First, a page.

As soon as Helen left the driveway, an agitated Bao Wao burst through the opening and scurried through a hole in the backyard fence of which the pup was aware,but her mistress was ignorant. She flew down the road in direction of Helen's car, her long locks flying. Helen saw her in the rear view mirror, but was unable to pull over, stop and retrieve her before another vehicle came up behind her and hit Bao Wao.
Helen rushed her severely injured animal to the town vet, Dr. Higgins, but his efforts were of no avail. Bao Wao was gone. Helen's heart was torn to shreds. The pain of her loss was so deep and devastating she thought she might collapse. Over time the hurt had changed to from inner screams of searing pain to quiet sighs of dull resignation. She took great comfort in her book club friends. No one pushed her to get another dog. They knew she would, if she could. She might not. Why would any sane person choose to risk such pain a second time?
This particular evening Helen Carter sat in her empty living room gazing at the little white package left on her front porch with no return address. The only marking her own name Helen Carter written in what looked like calligraphy in a lovely, glittery Christmas blue. Helen gingerly opened one of the neatly taped end flaps held it up in front of her face. She peered for a moment at what appeared to be a small gold cardboard gift box inside. Sliding the box out of it's packaging revealed it to be tied with a golden cord. “Monochromatic” she thought. “simple, tasteful.” However, what she found inside, she considered neither simple. nor tasteful. Untying the cord and removing the cover she found a tiny red bow, the kind she often used to tie up BaoWao's top knot, resting on a small red envelope. Both items were cradled on a bed of fluffy white cotton. Helen was shaken. Who would take the time to pull such a cruel prank?” Choking back tears, she wondered who she could have hurt so deeply, they felt the need to strike back at an old woman. The gift certainly appeared to have been wrapped with great care. The sender either had an intense dislike of Helen and wished to wound her emotionally, or she considered, “it may be a misunderstanding.” Helen's longevity had taught her to not accept everything at face value. There was an envelope. Logic dictated there may be a message in the envelope. Helen opened it. Inside was small white card written in an exquisite hand in the same glittery Christmas blue. It read: Meet us at Murphy Park Sunday at 5:00p.m. Look for the light. There was no signature. Just a seal, a tiny gold seal in the shape of a star.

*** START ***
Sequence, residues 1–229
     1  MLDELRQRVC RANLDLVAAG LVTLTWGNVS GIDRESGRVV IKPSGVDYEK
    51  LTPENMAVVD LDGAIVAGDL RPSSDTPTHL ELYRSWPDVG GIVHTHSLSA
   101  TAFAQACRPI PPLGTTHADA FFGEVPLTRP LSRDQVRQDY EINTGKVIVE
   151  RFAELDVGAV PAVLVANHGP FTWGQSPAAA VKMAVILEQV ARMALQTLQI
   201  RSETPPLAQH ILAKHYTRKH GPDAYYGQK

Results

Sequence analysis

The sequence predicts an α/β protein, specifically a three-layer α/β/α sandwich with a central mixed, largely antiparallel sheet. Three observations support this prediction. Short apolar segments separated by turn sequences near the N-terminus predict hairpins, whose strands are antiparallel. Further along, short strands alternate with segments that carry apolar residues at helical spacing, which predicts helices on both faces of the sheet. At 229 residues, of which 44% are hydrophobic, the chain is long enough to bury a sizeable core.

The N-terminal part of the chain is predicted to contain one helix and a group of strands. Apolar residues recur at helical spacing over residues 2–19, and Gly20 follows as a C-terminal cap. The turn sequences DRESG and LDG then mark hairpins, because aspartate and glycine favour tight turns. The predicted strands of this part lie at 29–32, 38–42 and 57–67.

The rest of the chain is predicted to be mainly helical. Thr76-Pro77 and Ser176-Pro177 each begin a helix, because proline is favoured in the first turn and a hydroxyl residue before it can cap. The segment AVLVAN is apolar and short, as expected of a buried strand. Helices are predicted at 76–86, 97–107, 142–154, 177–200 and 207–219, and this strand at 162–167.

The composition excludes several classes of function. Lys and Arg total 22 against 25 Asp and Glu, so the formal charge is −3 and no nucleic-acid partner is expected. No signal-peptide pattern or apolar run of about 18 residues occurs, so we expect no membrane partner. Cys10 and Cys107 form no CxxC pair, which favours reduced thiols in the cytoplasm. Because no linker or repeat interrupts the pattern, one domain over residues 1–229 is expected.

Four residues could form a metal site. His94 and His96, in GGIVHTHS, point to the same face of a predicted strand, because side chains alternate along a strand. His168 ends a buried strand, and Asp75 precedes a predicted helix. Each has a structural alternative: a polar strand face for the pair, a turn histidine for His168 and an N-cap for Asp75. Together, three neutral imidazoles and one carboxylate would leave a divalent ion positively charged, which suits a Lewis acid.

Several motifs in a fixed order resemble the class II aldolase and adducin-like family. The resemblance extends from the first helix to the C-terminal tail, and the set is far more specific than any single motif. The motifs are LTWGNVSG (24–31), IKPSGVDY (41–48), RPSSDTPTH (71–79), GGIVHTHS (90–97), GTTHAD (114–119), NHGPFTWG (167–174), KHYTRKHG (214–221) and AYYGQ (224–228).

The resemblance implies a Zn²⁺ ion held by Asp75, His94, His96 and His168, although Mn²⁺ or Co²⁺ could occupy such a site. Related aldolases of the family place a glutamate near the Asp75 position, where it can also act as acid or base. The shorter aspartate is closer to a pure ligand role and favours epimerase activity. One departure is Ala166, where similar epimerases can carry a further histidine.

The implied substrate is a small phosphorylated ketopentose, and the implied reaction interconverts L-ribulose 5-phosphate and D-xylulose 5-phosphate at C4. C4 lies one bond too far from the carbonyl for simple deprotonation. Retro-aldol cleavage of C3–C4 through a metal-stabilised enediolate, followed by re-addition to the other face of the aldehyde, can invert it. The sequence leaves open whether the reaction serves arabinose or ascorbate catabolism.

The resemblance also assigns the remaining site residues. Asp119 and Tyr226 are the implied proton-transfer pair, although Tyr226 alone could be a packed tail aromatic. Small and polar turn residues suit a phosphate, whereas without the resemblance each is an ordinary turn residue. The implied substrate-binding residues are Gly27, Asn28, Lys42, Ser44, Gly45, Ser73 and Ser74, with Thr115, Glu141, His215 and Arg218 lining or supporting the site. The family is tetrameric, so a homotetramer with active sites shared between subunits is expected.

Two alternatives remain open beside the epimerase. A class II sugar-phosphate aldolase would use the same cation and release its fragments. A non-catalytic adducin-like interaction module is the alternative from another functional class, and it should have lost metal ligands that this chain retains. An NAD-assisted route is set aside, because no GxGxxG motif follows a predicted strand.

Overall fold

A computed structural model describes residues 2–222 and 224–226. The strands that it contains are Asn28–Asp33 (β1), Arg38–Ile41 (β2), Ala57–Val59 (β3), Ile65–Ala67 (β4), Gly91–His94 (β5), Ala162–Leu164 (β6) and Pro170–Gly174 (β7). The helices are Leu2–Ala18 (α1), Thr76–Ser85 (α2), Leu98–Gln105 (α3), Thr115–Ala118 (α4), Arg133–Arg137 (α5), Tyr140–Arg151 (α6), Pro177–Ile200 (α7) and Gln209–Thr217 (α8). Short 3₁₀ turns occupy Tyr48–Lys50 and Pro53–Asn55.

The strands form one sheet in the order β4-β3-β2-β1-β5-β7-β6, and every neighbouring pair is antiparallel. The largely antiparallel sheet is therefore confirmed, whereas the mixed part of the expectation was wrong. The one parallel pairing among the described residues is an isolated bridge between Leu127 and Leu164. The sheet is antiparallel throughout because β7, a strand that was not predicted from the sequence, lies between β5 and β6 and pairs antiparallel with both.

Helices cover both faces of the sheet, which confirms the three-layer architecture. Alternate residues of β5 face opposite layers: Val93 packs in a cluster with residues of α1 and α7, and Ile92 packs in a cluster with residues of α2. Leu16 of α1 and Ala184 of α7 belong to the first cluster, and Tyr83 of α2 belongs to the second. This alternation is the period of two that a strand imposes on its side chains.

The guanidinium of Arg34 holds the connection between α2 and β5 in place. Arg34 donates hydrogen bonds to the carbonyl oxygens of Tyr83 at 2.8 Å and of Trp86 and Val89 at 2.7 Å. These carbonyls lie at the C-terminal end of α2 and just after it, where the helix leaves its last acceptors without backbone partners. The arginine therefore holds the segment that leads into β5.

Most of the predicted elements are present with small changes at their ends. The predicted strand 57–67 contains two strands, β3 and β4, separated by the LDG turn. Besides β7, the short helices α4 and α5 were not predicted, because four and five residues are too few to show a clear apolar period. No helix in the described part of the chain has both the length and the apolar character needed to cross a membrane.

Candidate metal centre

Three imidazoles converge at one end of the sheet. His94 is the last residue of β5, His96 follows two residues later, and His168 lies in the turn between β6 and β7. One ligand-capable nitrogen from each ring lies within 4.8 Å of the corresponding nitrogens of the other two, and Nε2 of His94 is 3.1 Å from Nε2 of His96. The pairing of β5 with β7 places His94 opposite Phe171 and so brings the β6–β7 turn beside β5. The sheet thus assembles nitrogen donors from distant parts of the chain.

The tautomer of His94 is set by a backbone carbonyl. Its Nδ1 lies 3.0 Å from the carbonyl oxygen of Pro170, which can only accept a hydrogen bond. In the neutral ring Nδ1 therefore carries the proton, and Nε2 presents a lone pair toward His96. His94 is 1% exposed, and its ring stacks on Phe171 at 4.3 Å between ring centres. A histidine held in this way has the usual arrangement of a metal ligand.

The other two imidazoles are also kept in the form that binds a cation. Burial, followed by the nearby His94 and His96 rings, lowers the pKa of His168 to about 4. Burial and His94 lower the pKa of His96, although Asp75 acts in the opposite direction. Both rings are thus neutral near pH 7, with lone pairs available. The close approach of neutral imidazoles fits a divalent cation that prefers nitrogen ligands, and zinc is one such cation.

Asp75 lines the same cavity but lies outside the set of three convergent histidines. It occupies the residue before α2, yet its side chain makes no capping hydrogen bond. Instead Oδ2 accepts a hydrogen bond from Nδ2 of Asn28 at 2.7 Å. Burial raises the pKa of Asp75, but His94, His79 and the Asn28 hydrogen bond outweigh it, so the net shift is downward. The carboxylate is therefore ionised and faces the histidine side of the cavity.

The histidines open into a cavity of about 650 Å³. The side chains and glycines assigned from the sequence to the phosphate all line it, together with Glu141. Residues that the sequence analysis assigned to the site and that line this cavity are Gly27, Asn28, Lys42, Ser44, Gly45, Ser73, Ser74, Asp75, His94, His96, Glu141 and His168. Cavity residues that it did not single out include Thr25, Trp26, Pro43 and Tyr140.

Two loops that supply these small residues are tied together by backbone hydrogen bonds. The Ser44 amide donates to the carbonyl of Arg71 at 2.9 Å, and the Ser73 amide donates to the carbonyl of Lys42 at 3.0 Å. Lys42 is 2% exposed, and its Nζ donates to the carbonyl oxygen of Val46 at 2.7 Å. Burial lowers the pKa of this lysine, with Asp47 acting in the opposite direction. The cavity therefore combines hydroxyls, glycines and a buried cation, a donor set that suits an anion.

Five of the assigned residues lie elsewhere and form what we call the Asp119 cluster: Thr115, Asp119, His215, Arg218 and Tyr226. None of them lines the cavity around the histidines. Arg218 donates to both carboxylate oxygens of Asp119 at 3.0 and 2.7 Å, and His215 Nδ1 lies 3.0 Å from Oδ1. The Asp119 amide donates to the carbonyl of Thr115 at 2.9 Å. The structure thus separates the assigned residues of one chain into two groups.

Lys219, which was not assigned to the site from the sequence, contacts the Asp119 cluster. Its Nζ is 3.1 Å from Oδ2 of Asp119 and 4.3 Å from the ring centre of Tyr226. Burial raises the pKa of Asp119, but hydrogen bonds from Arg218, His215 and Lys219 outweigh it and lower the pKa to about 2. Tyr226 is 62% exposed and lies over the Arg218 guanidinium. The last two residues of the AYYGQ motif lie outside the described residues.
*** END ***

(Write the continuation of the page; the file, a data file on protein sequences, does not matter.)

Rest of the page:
Not knowing if she should be mortified, terrified, or horrified, Helen decided against allowing any of the above to reign. Her curiosity got the better of her and she resolved to be at Murphy Park as instructed. “Okay, I must be nuts. I have to know what is behind this.” she mused. It occurred to her to call George Caiaphas, a friend and local police officer and ask him to walk with her. She would think about that. But when Sunday arrived, Helen elected to walk alone. The park was rarely devoid of residents with their dogs. By five p m the short mid-December day would have turned dark, but she would be safe.
That particular Sunday, snow had begun falling gently as the gray dusk rolled in. Helen wisely had worn her MukLuks. The little gold box and its contents were in the purse she had slung over her shoulder. By the time she reached the park heavy wet flakes clung to her knit hat and eyelashes.
“It's sticking!! A passing child yelled at no one in particular. His face beaming with delight at the idea of tomorrow morning waking to a magical glistening white world of “no school” and winter play.
The park wasn't huge, but big enough to make it difficult to see the opposite end from where one stood. Helen looked around for a light. “Am I supposed to be looking for a street light, a flashlight or Christmas lights.” She felt annoyed. Impatient. “Is this person wearing a light, or lights?” She shivered the fear she might possibly be being taken advantage of by total strangers, or worse, people she thought were her friends crossed her mind briefly. Under the circumstances, not an irrational fear. Unexpectedly, a small dog swooshed past her and in about two seconds flat traversed the distance between herself and the dog pond just over the next hill. Helen's eyes followed the dog's movements. A bright light rose from the pond's direction. Walking to the hilltop she saw the pond below was frozen. Snow covered the ice, but the little dog jumped and slid around in a joyous frenzy. Neither the dog, nor the pond held Helen's attention long because the dog was not alone. “What in the world?” She exclaimed, practically falling down the hill in shock.“Look for the light? Is this the light I'm supposed to be looking for?“
“Yes,” a voice chimed. “I'm it.” The dog's playmate, which if one attempted to describe this robed in light being one could only arrive at the word angel, climbed up the hill to Helen.
”No disrespect intended, but you are light, all right.” she stammered, nervously. “ Are you here to tell me I am going to die soon? If you are, you have a strange way of announcing it.”
“No.” The being of light replied. “Not at all.” Shimmering electric blue and white beams emanated him, or her. Helen had no idea, “I am called Jariel.” He said and beckoned toward a wooden bench overlooking the pond. “Would you care to sit, Helen?”